3 GeV Protons with 1 MW beam power are irradiated to mercury target of spallation neutron source in Materials and Life science Facility (MLF), which is one of facilities of J-PARC. Irradiated components, such as target container, moderator, reflector and proton beam window, are needed to replace periodically due to irradiation damage of high energy protons and neutrons. These used components are replaced remotely because of highly activated. Maintenance scenario was settled so as to handle these components. Required remote handling machines were designed and installed in hot cell and other room of the MLF. We performed remote handling tests by using actual components to confirm the design. We report results, such as replacement procedure, trouble and its solution, etc., for moderator, reflector and proton beam window in order to provide the handling of actual used components.

JAEA Reports

Result of study on storage plan for irradiated components generated at MLF in J-PARC

Kinoshita, Hidetaka; Wakui, Takashi; Matsui, Hiroki; Maekawa, Fujio; Kasugai, Yoshimi; Haga, Katsuhiro; Teshigawara, Makoto; Meigo, Shinichiro; Seki, Masakazu; Sakamoto, Shinichi; et al.

JAEA-Technology 2011-040, 154 Pages, 2012/03


In the MLF, relatively high level irradiated components will be generated. Therefore, these components can not be kept in standard facilities. For the irradiated components at the MLF, the storage plan using the facilities in the Nuclear Science Research Institute has been studied, but the concrete plan is not decided yet. In this report, outline of the components, prehistory of the studying for storage, schedule of the component generation and status of the possible facility, which is a hot laboratory, are described. Resulting from the comparison between the generation schedule and the plan of the hot laboratory, the difference is very large. Present status of the hot laboratory and the cost estimation of the modification to use for storage of the MLF components were studied. Using the hot laboratory seems not to have advantage from the view point of cost and modification method. Therefore, the study on a new storage facility construction will be started as soon as possible.

JAEA Reports

Influence of Great East Japan Earthquake on neutron source station in J-PARC

Sakai, Kenji; Sakamoto, Shinichi; Kinoshita, Hidetaka; Seki, Masakazu; Haga, Katsuhiro; Kogawa, Hiroyuki; Wakui, Takashi; Naoe, Takashi; Kasugai, Yoshimi; Tatsumoto, Hideki; et al.

JAEA-Technology 2011-039, 121 Pages, 2012/03


This report investigates the behavior, damage and restoration of a neutron source station of the MLF at the Great East Japan Earthquake and verified the safety design for emergency accidents in the neutron source station. In the MLF, after an occurrence of the Earthquake, strong quakes were detected at the instruments, the external power supply was lost, all of the circulators shut down automatically, and the hydrogen gas was released. The leakages of mercury, hydrogen and radio-activation gases did not occur. While, the quakes made gaps between the shield blocks and ruptured external pipe lines by subsidence around the building. But significant damages to the components were not found though the pressure drop of compressed air lines influenced on a target trolley lock system and so on. These results substantiated the validity of the safety design for emergency accidents in the source station, and suggested several points of improvement.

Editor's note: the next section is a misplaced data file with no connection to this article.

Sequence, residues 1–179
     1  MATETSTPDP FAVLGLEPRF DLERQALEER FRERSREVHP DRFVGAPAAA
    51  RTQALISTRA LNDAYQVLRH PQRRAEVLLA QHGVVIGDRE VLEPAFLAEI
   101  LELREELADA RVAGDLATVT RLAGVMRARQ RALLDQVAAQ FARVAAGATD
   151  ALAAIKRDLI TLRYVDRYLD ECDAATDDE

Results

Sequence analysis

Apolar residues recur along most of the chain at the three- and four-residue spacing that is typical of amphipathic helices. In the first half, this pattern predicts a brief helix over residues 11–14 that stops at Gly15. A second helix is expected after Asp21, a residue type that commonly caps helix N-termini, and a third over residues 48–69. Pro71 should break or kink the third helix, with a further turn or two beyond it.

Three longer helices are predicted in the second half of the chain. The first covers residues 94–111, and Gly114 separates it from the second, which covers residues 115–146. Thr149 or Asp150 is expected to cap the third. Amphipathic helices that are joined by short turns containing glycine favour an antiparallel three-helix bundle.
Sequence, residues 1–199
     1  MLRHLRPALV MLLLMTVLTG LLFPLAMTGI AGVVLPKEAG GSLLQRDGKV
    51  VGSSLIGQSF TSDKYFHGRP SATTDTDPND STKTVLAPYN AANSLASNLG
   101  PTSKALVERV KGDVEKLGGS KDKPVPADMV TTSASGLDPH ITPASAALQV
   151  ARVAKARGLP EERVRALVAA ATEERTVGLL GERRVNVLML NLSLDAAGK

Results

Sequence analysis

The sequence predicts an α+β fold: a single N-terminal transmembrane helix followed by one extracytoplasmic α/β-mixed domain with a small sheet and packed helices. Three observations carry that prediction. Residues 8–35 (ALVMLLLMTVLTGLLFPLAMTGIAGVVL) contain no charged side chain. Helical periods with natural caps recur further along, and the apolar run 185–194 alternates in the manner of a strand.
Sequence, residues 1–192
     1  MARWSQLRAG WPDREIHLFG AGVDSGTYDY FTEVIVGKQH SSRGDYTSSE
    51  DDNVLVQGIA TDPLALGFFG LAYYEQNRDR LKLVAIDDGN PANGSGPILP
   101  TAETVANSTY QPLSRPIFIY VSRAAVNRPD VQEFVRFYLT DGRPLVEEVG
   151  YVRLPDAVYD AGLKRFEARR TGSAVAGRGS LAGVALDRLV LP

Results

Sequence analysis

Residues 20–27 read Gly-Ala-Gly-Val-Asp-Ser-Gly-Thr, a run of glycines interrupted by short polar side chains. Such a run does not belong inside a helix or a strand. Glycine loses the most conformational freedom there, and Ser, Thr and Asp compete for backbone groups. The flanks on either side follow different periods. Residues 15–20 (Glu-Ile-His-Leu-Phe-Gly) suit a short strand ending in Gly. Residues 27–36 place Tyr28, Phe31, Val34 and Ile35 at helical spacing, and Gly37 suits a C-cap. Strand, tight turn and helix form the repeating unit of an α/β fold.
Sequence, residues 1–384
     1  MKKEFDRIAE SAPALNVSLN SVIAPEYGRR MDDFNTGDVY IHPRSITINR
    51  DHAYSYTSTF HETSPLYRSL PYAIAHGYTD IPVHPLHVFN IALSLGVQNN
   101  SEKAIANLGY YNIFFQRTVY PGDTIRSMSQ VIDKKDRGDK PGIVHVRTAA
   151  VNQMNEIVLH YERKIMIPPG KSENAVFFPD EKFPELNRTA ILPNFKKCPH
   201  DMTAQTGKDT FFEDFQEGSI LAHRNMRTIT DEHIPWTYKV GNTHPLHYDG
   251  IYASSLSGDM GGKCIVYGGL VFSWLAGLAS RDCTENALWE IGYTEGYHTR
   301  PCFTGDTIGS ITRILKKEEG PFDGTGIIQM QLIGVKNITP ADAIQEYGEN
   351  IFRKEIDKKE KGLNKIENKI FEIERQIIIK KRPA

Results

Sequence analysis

Journal Articles

Influence of Great East Japan Earthquake on neutron target station in J-PARC

Sakai, Kenji; Futakawa, Masatoshi; Takada, Hiroshi; Sakamoto, Shinichi; Maekawa, Fujio; Kinoshita, Hidetaka; Seki, Masakazu; Haga, Katsuhiro; Kogawa, Hiroyuki; Wakui, Takashi; et al.

Proceedings of 20th Meeting of the International Collaboration on Advanced Neutron Sources (ICANS-20) (USB Flash Drive), 6 Pages, 2012/03

This report investigates behaviors and damages of each component in a neutron target station of the MLF at the J-PARC at the time of the Great East Japan Earthquake (GEJE). At the date of the GEJE, in the MLF, strong quakes were detected at several instruments, an external power supply were lost, all of the circulation systems were shut down automatically, and a hydrogen gas was released as planned. Leakage of activation liquids and gases did not occur. While, the quakes made gaps between shield blocks and ruptured external pipe lines for air and water by subsidence. But significant damages on the components of the target station were not found though a loss of compressed air supply affected lock systems with air cylinders and pneumatic operation values. These results substantiated a validity of safety design on the target station for emergency accidents.

Journal Articles

Distribution of microbubble sizes and behavior of large bubbles in mercury flow in a mockup target model of J-PARC

Haga, Katsuhiro; Naoe, Takashi; Kogawa, Hiroyuki; Kinoshita, Hidetaka; Ida, Masato; Futakawa, Masatoshi; Riemer, B.*; Wendel, M.*; Felde, D.*; Abdou, A.*

Journal of Nuclear Science and Technology, 47(10), p.849 - 852, 2010/10

 Times Cited Count:4 Percentile:33(Nuclear Science & Technology)

Microbubble injection into mercury is one of the prospective technologies to mitigate the pressure wave which causes the cavitation damage on the mercury target vessel wall of J-PARC. As one of the studies for the mercury target design with bubbling system, we carried out the mercury loop tests using a mockup model of the target vessel. Injected microbubbles in contact with the transparent top wall were observed to know the bubble size and distribution. As a result, bubbles in the range of radius from 10 to 150 microns, which are the ideal size for our purpose to suppress the pressure wave were transported to the beam window, where the bubbles should be distributed. It was found that the bubbles larger than 150 micron in radius were removed from the distribution by bubble buoyancy, and only the smaller bubbles could be transported downstream. The attention to the effect of bubbles on the cooling performance of the target vessel was raised by the experiment.